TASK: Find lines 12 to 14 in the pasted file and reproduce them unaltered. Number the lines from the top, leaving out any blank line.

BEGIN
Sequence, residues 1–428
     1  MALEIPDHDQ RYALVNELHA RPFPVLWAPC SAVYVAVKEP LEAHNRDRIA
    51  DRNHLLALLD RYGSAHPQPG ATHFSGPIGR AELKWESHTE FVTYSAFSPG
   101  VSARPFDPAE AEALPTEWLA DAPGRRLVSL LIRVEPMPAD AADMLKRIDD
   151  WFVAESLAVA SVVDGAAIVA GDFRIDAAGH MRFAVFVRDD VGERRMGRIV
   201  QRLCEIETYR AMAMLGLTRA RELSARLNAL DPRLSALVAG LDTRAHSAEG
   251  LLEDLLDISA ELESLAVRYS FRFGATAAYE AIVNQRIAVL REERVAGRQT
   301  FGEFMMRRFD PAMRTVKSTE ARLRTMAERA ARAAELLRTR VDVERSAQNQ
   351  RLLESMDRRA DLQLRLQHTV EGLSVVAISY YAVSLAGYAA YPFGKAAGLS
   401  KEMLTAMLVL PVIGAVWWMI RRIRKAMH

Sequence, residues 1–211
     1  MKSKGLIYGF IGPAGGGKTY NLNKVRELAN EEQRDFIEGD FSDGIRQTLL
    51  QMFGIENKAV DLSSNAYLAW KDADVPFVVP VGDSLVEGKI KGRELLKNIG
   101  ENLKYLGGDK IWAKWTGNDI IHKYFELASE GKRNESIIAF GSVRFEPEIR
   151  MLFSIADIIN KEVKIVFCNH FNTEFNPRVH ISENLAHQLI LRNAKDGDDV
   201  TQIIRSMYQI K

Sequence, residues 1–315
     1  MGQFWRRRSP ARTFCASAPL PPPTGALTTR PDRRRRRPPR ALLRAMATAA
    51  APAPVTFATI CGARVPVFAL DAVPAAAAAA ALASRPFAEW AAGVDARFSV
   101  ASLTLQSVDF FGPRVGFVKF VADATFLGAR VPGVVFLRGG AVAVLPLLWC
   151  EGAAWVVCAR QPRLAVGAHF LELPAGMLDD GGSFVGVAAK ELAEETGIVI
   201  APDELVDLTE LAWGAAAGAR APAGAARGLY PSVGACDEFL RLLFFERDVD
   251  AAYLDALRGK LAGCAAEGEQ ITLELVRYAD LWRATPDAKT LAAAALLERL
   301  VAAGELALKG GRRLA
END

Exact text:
     1  MKSKGLIYGF IGPAGGGKTY NLNKVRELAN EEQRDFIEGD FSDGIRQTLL
    51  QMFGIENKAV DLSSNAYLAW KDADVPFVVP VGDSLVEGKI KGRELLKNIG
   101  ENLKYLGGDK IWAKWTGNDI IHKYFELASE GKRNESIIAF GSVRFEPEIR